8. Jamaica is the first country to sign a Global Fund to Fight AIDS, Tuberculosis and Malaria grant agreement.

9. Jamaica was the first tropical country to enter the IOC Winter Olympics. The bobsleigh team’s efforts inspired the film Cool Runnings.

10. Jamaica is the first country in the Caribbean region to launch a website, jamaicatravel.com. This was in 1994!

— Melaine Warren

*Originally posted on Jamaica Observer

20 Popular Jamaican Dishes

Check out this awesome list of Jamaican food you should be enjoying for Jamaican
Independence Day!

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1. Jerk Chicken is the most popular Jamaican dish known worldwide for its authentic Jamaican jerk flavor. Using spices such as the pimento, scotch bonnet pepper, scallion, onions and thyme. There are some with their secret ingredients but those are the basic. Served jerk pan style or authentic original style roasted over coals on top of the pimento wood.

2. Jerk pork is second and uses similar seasonings as the jerk chicken. Not as popular as the chicken because it’s more expensive, the most known place in Jamaica to find jerk pork is in Boston, Portland. Because of the popularity of the jerk pork found in Boston, people from all over the island will name their dish “Boston Jerk Pork” which would increase sales, as it is believed that the best tasting pork originated in that part of the island.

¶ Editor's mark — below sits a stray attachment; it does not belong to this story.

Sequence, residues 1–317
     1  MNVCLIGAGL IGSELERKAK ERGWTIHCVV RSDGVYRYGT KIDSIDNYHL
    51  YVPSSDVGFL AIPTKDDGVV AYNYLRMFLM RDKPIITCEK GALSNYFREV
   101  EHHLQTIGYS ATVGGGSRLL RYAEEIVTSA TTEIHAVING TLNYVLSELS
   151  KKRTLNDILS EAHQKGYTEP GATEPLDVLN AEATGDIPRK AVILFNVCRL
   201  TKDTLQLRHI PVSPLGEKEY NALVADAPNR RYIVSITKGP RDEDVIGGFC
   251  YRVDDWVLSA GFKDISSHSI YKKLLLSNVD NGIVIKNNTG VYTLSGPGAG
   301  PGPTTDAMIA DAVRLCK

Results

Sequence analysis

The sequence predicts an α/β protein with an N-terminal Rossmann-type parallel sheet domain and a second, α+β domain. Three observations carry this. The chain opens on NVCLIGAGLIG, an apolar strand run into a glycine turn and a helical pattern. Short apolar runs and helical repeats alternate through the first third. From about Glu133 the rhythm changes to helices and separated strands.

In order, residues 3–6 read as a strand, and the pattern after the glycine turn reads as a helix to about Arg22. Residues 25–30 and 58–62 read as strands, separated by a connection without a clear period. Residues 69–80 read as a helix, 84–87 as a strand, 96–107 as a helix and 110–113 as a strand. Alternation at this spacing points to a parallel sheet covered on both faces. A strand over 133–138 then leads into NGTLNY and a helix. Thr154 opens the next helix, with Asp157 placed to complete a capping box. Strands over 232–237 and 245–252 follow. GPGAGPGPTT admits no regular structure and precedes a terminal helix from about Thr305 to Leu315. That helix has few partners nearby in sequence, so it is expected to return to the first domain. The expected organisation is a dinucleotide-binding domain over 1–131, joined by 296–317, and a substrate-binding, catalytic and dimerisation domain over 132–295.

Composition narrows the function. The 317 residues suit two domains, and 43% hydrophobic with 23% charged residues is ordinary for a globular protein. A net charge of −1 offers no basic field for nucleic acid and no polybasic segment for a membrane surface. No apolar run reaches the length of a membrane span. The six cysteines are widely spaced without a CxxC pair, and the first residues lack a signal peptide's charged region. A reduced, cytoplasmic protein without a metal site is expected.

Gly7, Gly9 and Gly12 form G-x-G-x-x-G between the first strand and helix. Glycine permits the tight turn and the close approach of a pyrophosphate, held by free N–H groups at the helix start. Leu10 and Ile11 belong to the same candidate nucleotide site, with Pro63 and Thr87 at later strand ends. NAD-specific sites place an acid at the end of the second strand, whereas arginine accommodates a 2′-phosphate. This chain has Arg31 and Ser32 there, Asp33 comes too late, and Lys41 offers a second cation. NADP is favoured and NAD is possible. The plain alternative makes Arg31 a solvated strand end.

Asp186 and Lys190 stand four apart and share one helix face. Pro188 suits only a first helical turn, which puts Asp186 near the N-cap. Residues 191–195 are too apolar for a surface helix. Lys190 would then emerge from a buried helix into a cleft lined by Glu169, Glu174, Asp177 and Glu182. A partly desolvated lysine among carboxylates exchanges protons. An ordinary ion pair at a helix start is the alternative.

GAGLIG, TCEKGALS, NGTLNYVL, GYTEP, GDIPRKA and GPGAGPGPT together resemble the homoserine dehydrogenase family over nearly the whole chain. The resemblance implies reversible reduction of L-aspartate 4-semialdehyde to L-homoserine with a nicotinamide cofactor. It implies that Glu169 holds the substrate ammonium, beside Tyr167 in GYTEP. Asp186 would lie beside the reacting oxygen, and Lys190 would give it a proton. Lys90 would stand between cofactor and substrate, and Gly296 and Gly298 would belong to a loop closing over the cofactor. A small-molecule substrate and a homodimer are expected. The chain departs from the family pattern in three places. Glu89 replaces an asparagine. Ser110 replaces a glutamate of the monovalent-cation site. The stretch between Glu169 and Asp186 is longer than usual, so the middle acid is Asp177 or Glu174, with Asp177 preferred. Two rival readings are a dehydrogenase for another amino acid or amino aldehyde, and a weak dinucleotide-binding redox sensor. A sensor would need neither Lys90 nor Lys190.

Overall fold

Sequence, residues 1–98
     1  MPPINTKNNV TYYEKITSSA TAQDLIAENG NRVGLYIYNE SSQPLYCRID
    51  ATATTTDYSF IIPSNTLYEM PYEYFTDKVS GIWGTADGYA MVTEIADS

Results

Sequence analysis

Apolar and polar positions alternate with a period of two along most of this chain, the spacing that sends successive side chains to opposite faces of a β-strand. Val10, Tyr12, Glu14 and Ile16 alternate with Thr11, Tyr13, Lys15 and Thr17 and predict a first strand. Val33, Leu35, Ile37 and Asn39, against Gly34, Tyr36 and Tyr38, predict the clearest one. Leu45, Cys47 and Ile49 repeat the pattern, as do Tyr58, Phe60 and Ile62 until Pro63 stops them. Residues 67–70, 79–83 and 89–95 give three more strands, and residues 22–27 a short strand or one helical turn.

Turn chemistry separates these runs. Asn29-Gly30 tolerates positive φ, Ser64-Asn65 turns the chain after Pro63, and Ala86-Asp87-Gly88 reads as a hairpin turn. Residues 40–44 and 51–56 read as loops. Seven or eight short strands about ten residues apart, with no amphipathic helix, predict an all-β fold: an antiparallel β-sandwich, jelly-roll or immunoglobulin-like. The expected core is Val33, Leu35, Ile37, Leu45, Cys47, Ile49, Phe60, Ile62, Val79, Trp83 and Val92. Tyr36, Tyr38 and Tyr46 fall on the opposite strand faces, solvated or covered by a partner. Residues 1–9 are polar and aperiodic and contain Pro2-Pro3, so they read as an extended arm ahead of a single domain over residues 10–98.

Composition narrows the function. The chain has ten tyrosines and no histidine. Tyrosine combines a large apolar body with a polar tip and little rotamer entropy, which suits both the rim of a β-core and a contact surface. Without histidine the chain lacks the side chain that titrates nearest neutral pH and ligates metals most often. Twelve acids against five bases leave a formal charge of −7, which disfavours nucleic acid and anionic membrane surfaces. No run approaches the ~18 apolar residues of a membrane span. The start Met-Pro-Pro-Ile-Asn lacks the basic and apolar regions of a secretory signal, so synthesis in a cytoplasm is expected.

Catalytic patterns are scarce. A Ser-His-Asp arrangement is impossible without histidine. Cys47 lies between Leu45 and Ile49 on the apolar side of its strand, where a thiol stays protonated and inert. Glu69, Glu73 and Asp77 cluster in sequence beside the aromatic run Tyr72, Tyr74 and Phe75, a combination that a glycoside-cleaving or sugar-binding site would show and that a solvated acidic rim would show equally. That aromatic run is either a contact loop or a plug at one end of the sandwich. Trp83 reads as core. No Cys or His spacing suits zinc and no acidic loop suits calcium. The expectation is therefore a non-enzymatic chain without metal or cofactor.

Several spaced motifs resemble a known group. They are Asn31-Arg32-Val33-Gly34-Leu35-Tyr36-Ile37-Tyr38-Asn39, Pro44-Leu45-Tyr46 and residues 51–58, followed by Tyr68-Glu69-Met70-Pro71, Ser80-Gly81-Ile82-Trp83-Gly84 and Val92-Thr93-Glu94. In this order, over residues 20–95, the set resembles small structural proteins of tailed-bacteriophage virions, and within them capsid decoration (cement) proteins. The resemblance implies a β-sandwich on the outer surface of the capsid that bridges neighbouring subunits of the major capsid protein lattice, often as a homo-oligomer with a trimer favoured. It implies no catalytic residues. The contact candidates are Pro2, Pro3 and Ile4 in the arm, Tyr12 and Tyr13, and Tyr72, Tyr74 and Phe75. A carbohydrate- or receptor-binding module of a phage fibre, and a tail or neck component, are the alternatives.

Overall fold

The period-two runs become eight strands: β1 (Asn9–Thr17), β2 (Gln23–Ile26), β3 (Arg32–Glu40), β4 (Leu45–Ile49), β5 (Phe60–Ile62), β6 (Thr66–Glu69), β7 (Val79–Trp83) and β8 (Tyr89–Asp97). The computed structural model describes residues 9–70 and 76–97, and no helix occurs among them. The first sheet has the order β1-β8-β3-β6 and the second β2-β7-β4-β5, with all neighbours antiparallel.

3. Red peas (kidney beans) soup made with salt beef and or pig tails. Pig tail in Jamaica is cured with salt and has to be soaked overnight or pre-boil for a few minutes to get some salt out before cooking. The dish is made with the peas, taro, yellow yam, dumplings and scallion, pimento, thyme and pepper. You have a choice to use coconut milk or not, depending on your taste.

4. Steamed fish (at this point there is no particular order because all the dishes are loved the same). In Jamaica is actually stewed fish. It is mostly done on the beach especially Healthshire and some other very popular beaches around the island. Scallion, pimento, pepper, thyme, bammy and sometimes carrots and potatoes are done with this dish. Every cook has their own steam fish style so everywhere you go you get a different flavor….mm mm.

5. Fried fish and fried bammies. In case you are wondering, bammies are made from cassava. Cassava has been in Jamaica for a very long time and was the main staple of the Arawak Indians. The root is grated or milled, squeezed dry and them made into flat (1/2 to ¾ in thick cakes). Bammy is a tasty food and is very popular with fried, steamed or roasted fish.

6. Roast fish. This is really a fish steamed in foil. The fish is seasoned and stuffed with callaloo (the Jamaican spinach) and steamed on a grill. You can season with the jerk spice and it becomes jerk fish.